360° cameras and NASA TV: The International Broadcasting Convention 2016

360° cameras and NASA TV: The International Broadcasting Convention 2016

By Gordon Jamieson,
Friday, 2nd September 2016
Out of this world: NASA TV will make a presentation at this year's IBC (Credit: NASA)
Out of this world: NASA TV will make a presentation at this year's IBC (Credit: NASA)
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Gordon Jamieson looks at how a succession of small steps has transformed the Amsterdam tech-fest.

As the International Broadcasting Convention (IBC) approaches its 50th year, the annual conference and trade exhibition is evolving at the same dizzy speed as the industry it serves. 

IBC’s metamorphosis from 500 delegates and three dozen vendors in a corner of a London hotel in 1967 to 55,000 attendees and 1,600 exhibitors in Amsterdam’s sprawling RAI centre is more than simply one of scale. The organisers have made increasing efforts to curate and integrate the technological developments on the show floor with the themes being debated in the conference programme.  

Jostling for our attention are the big, highly visible advances, such as immersive virtual reality, Ultra-HDTV and drones. But the hesitant migration of the broadcasting industry towards an internet-protocol (IP) infrastructure is every bit as revolutionary as the shift from standard-definition pictures to HDTV and now to Ultra-HDTV.  

IP is inherently far more flexible and cost-effective – but not necessarily as reliable as the technologies that currently connect each part of the production and transmission chain. A wholesale, overnight switchover is simply not feasible, so television companies need each new deployment of IP connectivity to work reliably within their existing infrastructure.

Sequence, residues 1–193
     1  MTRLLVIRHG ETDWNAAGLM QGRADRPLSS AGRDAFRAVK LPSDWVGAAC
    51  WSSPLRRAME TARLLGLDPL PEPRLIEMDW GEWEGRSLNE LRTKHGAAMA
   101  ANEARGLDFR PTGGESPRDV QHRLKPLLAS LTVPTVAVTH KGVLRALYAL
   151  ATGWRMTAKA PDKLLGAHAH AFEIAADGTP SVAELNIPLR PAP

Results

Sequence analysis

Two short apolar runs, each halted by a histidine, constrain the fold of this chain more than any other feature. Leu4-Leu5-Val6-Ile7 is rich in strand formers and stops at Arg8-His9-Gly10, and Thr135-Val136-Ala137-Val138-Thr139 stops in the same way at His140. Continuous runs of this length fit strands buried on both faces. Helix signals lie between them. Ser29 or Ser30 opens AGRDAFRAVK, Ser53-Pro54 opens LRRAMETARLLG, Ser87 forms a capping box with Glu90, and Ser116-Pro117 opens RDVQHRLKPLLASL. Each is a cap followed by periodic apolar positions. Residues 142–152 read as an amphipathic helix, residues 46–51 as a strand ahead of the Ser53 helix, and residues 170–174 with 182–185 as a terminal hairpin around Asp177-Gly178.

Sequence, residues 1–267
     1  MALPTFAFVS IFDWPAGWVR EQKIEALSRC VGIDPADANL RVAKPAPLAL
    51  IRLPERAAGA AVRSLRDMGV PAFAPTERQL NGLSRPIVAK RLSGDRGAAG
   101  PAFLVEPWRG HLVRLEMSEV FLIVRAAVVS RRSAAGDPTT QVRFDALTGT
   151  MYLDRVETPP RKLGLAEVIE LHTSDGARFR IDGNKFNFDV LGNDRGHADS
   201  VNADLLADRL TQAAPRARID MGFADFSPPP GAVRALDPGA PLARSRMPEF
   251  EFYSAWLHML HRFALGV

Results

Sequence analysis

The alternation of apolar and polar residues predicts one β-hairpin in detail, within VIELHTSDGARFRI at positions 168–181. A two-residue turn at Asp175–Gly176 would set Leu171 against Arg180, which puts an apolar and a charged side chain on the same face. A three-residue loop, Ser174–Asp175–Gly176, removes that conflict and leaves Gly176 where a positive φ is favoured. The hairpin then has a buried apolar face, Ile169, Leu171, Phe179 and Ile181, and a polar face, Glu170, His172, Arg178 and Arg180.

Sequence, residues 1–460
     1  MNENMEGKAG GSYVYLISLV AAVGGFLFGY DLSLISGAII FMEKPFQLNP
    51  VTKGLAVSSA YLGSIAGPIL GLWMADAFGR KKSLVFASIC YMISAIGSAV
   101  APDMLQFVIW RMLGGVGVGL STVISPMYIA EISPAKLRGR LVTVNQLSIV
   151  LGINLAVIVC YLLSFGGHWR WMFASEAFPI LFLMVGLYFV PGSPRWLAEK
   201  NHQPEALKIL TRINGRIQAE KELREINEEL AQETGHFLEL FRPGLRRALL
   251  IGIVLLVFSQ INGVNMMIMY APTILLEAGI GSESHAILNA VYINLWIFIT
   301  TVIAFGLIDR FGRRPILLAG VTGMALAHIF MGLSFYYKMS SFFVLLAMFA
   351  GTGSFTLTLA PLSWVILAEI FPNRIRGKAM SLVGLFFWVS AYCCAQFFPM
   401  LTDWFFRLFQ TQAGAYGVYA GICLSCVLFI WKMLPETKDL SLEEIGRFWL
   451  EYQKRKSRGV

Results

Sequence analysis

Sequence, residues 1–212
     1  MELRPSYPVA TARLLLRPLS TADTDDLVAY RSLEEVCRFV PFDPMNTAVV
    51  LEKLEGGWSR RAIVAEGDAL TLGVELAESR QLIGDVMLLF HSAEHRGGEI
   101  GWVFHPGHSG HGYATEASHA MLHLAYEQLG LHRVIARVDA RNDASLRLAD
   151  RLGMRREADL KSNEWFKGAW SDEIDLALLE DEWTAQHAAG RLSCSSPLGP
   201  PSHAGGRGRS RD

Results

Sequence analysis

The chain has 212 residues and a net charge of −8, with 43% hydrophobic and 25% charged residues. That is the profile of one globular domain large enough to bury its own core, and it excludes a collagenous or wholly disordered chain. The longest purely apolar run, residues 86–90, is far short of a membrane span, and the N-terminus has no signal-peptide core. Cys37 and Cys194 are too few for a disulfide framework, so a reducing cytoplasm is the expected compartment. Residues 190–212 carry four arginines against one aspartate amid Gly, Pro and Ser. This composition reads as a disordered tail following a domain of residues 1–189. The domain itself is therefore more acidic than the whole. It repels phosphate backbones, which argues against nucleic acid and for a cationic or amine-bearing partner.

IBC is addressing this with an IP Interoperability Zone, at the heart of which is a live, IP-connected studio managed by Belgian broadcaster VRT and the European Broadcasting Union, together with 12 technology suppliers. In all, some 30 companies are demonstrating their IP products in the zone. 

Visitors will be encouraged to verify for themselves how the studio set-up handles signal timing and transport, as well as discussing case studies with vendors. “It will be a showcase for the reality of the technology, and a demonstration that the industry is converging on a common roadmap,” says Michael Cronk, Grass Valley VP of core technology. 

IP and interoperability will also be prominent in the IBC Content Everywhere area and conference sessions. Content Everywhere is one of IBC’s most heavily curated strands, with the emphasis firmly on connected devices, social media, personalisation and cloud services, rather than on the ­traditional broadcast environment.  

“Attendees tell us that the rate of change in their industry is accelerating, and that the amount of information they are confronted with about new technologies is vast and growing – and they say they need it curated for them,” says IBC Chair Tim Richards. “We are trusted as an honest and reliable provider of business information.”  

Content Everywhere has been a proving ground for this approach to curation. IBC originally intended to use the Content Everywhere brand to expand its geographical range, with plans for regular shows in the Middle East and Latin America. Dismal economic conditions in those regions quashed that ambition. But the experience of putting on a single show in Dubai early last year paid dividends, with a healthy increase in Middle Eastern visitors to IBC last September.  

“IBC is not a European show per se: we attract manufacturers, speakers and visitors from all over the world. Increasingly, it is a very broad church that we are trying to serve,” says Richards.

“New companies sometimes find themselves thrown into the deep end without arm bands in this industry."

There was a time when CEOs didn’t go to IBC: instead, the most senior visitors were chief technology officers and their senior engineers pushing shopping trollies around what was effectively a specialist supermarket. 

IBC’s Leaders Summit may have started off as something of a crèche for CEOs in the midst of what was still quite a hardware-focussed market, but it has been a very successful part of the convention’s evolution.